It is Still Too Early for PV (for Homes)

It is Still Too Early for PV (for Homes)

Solar PV – Exponential Growth

To Go Solar Electric – Now or Later?
  • We of course are huge believers in rooftop solar electric generation (PV), but in the domestic home unless you have spare cash to invest, or being ‘off’ the grid is the only option, or you really hate Eskom, or you need to help save the environment, it is still too early.

Solar PV, Inverters, Batteries Technology
Can you use the electricity generated during daylight?
  • Solar electric generation using solar PV panels and inverters/ controllers to convert direct current (DC) into 220V alternating current (AC), and using that electricity as it is generated makes economic sense, as the cost over buying mains power per kWh is less. As a general guide, the cost of the system can be paid off over 5-7 years (assuming the electricity is used every day).

Batteries are Still Expensive
  • The big problem with solar electricity generation is the cost of batteries to store power. Although the price of lithium batteries continues to fall, and the number of cycles they can provide increases, they are still very expensive. Lead acid, or gel batteries although much cheaper than lithium, are not falling in price, and due to demand have actually increased in price over the last couple of years.

More Expensive than Eskom?
  • The result is that when using power from batteries for appliances and lighting at night, taking into account the cost of the battery and the number of cycles they can provide, the replacement cost of the batteries at the end of their useful life (between 5 and 15 years), the actual cost of the electricity can be double the cost of buying the same kWh from Eskom or the municipal reseller.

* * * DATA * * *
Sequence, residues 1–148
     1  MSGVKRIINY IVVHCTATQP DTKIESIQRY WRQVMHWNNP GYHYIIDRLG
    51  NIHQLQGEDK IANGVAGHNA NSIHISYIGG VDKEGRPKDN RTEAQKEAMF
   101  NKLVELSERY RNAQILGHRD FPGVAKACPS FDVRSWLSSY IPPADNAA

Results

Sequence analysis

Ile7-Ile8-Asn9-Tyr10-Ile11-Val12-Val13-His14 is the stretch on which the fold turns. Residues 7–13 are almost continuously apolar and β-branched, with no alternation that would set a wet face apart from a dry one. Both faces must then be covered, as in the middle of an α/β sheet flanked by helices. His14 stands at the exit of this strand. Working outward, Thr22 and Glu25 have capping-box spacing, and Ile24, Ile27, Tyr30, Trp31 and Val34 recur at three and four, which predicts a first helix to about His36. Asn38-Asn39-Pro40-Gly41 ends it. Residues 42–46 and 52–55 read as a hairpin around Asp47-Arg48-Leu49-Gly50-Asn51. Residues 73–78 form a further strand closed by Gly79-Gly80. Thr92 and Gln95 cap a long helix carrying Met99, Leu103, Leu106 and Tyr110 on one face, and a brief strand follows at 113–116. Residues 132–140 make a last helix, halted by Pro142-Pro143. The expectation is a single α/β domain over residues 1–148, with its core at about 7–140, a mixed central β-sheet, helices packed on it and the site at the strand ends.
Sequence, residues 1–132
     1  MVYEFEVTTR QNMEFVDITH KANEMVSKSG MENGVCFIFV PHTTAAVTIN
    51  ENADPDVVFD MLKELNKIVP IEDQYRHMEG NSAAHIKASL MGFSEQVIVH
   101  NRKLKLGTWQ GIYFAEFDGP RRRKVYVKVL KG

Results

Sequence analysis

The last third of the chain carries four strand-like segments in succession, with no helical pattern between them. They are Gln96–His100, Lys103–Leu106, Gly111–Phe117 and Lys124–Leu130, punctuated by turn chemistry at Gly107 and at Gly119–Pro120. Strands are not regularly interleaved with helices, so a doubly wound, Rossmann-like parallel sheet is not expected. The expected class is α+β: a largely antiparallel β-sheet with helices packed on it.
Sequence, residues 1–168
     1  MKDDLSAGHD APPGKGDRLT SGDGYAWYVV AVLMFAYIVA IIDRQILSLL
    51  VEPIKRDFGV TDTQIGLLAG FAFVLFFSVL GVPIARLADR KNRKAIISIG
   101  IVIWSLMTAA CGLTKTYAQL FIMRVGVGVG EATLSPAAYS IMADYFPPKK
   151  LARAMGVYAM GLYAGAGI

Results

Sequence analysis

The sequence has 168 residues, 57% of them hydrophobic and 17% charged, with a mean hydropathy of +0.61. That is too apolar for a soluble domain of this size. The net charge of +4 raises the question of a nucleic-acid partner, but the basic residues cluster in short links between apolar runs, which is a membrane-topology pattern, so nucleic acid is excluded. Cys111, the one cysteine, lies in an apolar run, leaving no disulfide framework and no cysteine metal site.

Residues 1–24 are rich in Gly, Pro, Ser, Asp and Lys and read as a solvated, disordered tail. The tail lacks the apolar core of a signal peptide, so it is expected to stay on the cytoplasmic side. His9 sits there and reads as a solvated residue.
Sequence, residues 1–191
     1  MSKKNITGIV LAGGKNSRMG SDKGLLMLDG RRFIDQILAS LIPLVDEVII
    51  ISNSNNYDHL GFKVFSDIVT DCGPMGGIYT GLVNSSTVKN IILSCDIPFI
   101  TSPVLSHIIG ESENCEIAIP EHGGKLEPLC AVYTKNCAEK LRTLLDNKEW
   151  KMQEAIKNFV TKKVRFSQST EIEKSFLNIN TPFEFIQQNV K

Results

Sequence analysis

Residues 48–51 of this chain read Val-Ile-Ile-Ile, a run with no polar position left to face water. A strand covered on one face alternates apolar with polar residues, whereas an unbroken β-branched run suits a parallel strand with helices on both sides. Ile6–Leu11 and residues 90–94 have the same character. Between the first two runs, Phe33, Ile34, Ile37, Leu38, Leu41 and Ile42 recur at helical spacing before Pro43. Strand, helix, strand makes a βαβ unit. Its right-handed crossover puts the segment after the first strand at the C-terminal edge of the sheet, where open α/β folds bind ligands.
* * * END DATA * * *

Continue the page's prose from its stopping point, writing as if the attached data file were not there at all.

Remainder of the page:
The Economic Realities
7 Day a Week Businesses
  • From an economic perspective, solar PV with minimal storage is ideal for supermarkets, shopping malls, showrooms, and businesses that operate 365 days a year. They can be cash flow positive from day 1, even when financed and pay off the system in 5-7 years (depending on their tariff).
  • For offices working on a 5-day week, (rather than 7) the payback period is pushed out by a couple of years.

Home Economics
  • For homes that don’t use much power in the day, the economics change as battery storage is required. Payback is likely to be 12-15 years, and with finance as much as 19 years.
  • Additional consideration needs to be given to splitting power demands, so that heavy use items such as kettles, electric geysers, washing machines, tumble dryers work off the mains, and low consumption items such as TV’s computers, DSTV boxes, LED lighting runs on the PV and battery systems.
  • Unfortunately, there are very limited opportunities for feeding surplus home generated power into the grid. Until that changes, unlikely to be any time soon as Eskom have a surplus of power, solar electric generation has to stand on the return on investment calculations of each individual’s circumstances.

Outlook and Be Aware
  • As the price of electricity continues its path progressively higher, and at the same time the price of PV panels, inverters /controllers fall (they are already much cheaper than only a few years back), and most importantly the price of battery technology falls, the time will arrive when it will be cheaper for everyone to generate and store their own electricity.

Checks Before Investing
  • Before investing in solar PV, do the economics carefully, get at least 3 quotations from suppliers (there are many unscrupulous dealers out there), and understand your time of use and consumption demands.

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